It’s time for the Tournament of Blades, the annual celebration where all the magical families of Cloudburst Falls send champions to compete for the hefty cash prize (and, more importantly to the families but not for Lila, the prestige). It’s a major tourist event and there’s no way it can’t go ahead
Even if one of the competitors seems to be trying to kill the competition.
Both Lila and Devon are competing for the Sinclair family, giving them a double motive to win – and to stay alive and find out who is behind it.
This is the second book in the series and I think it is an excellent next step. This book took the storyabove and beyond the first and helped banish some of the parallels with the Elemental Assassins Seriesthat I found so strong before. This book took the excellent foundation of the first and expanded it and cemented this book as its own.
I’m honestly kind of frustrated with this review because all I really have is a lot of well deserved but somewhat vague praise.
I love the world building, it’s very original with the combination of noble houses who run this town, each of them controlled by magical people all vying against each other, a modern setting and a range of monsters lurking around the fringes of a tourist trap. I like the combination of both the dark danger hiding behind every corner and the bright, shiny exterior which is all welcoming and kitsch for the tourists. It’s a wonderful juxtaposition, the pageantry with the lethal politics lurking just under the surface.
I love the protagonist Lila, with her endless love of bacon and her complicated relationship with the family. Her conflict about being both part of the Sinclair family and outside of it is excellent. Her conflict over whether she can trust the head of the family, whether she can really get invested in it and whether she can really establish any connections there. Her conflict is very real as she both wants to protect and help the family but still feels she needs to be ready to leave at any time and all of this is linked to her complicated memories of her mother who was both loyal to the Sinclairs – and died because of that loyalty. On top this we have her life as a thief, her habit of keeping her head low and hiding and now she’s very much thrust into the lime light, drawing lots of attention and being really uncomfortable about it. This past also comes with an experience of being poor – so even when in two minds about the Sinclairs, their wealth and the comfort she lives in now are not things she can step aside from. I like how well this is down, Lila never feels like she’s greedy or grasping – she feels exactly like what she is, a character who knows poverty and is unwilling to dismiss the security of wealth. She’s a character with a lot of interesting and very real conflicts about her.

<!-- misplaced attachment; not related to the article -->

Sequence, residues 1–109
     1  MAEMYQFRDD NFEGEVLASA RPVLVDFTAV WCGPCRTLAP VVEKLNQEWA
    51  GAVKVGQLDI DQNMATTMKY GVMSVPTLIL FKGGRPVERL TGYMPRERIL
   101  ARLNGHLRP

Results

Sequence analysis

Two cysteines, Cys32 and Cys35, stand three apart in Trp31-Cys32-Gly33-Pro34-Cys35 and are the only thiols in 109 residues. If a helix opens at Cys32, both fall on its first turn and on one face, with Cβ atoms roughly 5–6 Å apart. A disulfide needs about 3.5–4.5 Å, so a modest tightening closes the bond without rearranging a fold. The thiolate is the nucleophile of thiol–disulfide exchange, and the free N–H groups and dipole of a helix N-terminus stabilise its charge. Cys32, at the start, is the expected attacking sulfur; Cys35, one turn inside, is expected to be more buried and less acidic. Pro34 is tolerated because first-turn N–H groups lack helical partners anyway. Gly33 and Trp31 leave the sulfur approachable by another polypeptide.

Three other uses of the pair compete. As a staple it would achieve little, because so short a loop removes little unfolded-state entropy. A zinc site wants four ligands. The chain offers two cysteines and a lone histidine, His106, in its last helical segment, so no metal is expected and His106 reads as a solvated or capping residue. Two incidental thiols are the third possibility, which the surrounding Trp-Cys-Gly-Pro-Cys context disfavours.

The one element I didn’t like about her was her romance with Devon. It feels very forced – along with the whole “I can’t possibly fall in love with him for REASONS!” It’s like we have this whole excellent story and then someone’s looked up some checklist and announced “this needs a romance. A female protagonist must have a rocky romance. It is known. It is in the rules” so Devon and Lila became a thing – only not a thing because there has to be some barrier (Lila is reluctant… for… reasons).
Other romances in the book I liked, especially the romance between Felix and Deah. Not because I especially like the romance and Romeo and Juliet has been done so often, but I appreciated an attempt to make some members of the Draconi family redeemable (unfortunately the general characterisation of the bad guys is terribad people who are bad. Nuanced it is not but, at the same time, while they’re terribad they’re not necessarily cartoonishly so). Even better, while Deah is showed as redeemable and complex and not just one of the evil Draconi, she is also shown as such through avenues other than her relationship with Felix. Her love interest isn’t what makes her good or her avenue for redemption or anything like that.
I can’t say the same about Felix and Katia – I don’t think that the romance really added anything since Katia Already had the excellent conflict with Deah and the characterisation of her father (though, I have to say, I’m not entirely thrilled with Katia’s alcoholic father being presented as the ultimate source of all that is wrong in her life especially since we saw little about him other than being a drunk). Again, it felt like romantic conflict was squeezed in because it must be!